But I can't tell you how angry I am at situations where I've had to choose safety and turn away.  It's not that I wanted to choose otherwise.  Because getting away should always be paramount.

But I hate to have to choose.  Everyone should have the right to wander.  And everyone should have the right to safety.  Whether they are men or women.  But the with the crimes of gang rape and robbery and murder rising during these difficult times, rights are merely figments of a society which only exists in the books of idealistic writers and not in my real world where people will tell you that you deserved it if you are a woman and decided to wander in supposedly 'dangerous' places.

You Get What You Give, You Get What You Choose To Live With

The problem about people accepting that the woman deserves it if she wanders in 'dangerous places' is that they get exactly that.

It becomes a right of murderers and rapists to lie in wait in nooks and corners for victims.  Most of the time the people who say that the woman deserves it never imagined that they or their family might one day be the victims.

Where's the grey line that says whether a place is considered as dangerous or not?  It might one day be the quiet carpark at your workplace.  It might one day be the children's playground near your block.  It might one day be the street just outside your house in the dead of night.

But people choose to say that the victims deserve it instead of doing something to bring across the message that everybody has a right to safety.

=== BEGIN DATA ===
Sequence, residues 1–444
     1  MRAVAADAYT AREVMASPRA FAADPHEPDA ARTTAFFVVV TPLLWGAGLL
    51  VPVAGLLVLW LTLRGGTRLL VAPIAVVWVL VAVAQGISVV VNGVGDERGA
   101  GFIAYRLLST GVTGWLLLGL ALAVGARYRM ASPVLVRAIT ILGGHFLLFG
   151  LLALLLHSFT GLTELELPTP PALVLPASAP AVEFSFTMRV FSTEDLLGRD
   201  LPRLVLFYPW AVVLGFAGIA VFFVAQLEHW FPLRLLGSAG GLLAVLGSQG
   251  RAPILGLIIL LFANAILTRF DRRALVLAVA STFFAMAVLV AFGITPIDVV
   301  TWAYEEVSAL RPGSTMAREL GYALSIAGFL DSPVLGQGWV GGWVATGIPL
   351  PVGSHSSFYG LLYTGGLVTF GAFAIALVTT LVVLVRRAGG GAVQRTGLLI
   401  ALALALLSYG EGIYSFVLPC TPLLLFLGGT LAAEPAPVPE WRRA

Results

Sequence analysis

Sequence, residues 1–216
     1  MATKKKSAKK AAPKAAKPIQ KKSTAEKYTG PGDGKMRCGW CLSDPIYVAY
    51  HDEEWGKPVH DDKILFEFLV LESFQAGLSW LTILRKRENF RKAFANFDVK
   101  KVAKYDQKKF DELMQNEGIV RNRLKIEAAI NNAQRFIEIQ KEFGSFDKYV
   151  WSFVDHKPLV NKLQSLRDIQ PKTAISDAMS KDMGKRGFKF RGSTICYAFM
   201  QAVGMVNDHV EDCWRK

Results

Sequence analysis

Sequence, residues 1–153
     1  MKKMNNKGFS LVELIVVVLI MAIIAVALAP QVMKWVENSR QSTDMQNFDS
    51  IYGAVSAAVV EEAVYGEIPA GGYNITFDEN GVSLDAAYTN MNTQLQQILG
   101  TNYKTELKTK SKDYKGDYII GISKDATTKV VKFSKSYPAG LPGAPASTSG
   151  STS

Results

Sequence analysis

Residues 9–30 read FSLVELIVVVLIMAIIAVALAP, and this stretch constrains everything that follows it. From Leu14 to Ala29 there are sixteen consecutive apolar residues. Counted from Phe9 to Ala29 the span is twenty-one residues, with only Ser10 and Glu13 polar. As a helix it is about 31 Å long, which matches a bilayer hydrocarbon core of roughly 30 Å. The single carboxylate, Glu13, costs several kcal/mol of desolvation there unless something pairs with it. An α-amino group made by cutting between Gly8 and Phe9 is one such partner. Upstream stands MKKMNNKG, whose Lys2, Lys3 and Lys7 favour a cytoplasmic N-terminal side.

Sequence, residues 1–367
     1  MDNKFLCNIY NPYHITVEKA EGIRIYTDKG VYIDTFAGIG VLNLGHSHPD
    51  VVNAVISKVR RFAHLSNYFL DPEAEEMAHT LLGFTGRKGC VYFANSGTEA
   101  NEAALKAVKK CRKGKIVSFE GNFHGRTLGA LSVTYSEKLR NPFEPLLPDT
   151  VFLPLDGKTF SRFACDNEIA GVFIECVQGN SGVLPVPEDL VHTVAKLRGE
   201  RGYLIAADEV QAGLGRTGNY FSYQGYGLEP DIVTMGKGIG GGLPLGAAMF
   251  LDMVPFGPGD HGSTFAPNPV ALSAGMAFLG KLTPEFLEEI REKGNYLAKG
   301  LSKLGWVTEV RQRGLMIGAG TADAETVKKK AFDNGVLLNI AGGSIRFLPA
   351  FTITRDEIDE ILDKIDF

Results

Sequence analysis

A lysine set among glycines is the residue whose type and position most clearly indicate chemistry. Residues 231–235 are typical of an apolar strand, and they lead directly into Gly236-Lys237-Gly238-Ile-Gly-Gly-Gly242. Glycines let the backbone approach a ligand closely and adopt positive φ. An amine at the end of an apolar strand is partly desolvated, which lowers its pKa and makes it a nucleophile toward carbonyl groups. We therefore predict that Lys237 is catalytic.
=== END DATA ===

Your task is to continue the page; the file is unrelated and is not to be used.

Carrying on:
If a place is deemed to be unsafe because it looks a potential spot for crime, do something about it to make it safer.  Have patrols.  Have better lighting.  Have we got nowhere the past centuries that we dare to admit that we don't know what to do about potential crime spots?

Note on photo above: These ants were hanging around in huge numbers cracking away like rice krispies.  I have never heard or seen anything like this.  For a while I squinted at them, not sure if they were really ants.

It Always Come Around

The same thing applies to everything else in life.  When we agree to unreasonable standards, our choices create the kind of world we have to live in.

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  1. WOW WOW WOW!!!!! My favorite is the Peacock Royal. Holy Cow!!!!! Beautiful photos. Thank you so much for sharing.

  2. Waterbaby says:

    Ewwww, the close-up of the ants kinda creeps me out! Maybe that bit on TV recently about fire ants devouring flesh is too fresh in my mind. Hahaha about the auntie on the train.

  3. Waterbaby says:

    Ewwww, the close-up of the ants kinda creeps me out! Maybe that bit on TV recently about fire ants devouring flesh is too fresh in my mind. Hahaha about the auntie on the train.

  4. Oooh… fire ants… wouldn't wanna be anywhere near them (for their terrible bite actually)… ACKS! Ants have been featured in too many films as things that gnaw through your skin and eat you from the inside…

  5. Waterbaby says:

    Exactly! There's a show called "I Shouldn't Be Alive" featuring survivors of catastrophes out in nature (usually remote places like mountains and rivers where the chance of rescue is close to nil). This one fellow endured a terrible ordeal on the river, including an encounter with a crocodile. As he lay on the shore under a tree of the forest with gaping gashes, passed out and approaching death's door, he was pained into consciousness by an army of fire ants devouring his raw wounds. Yooooowwwww.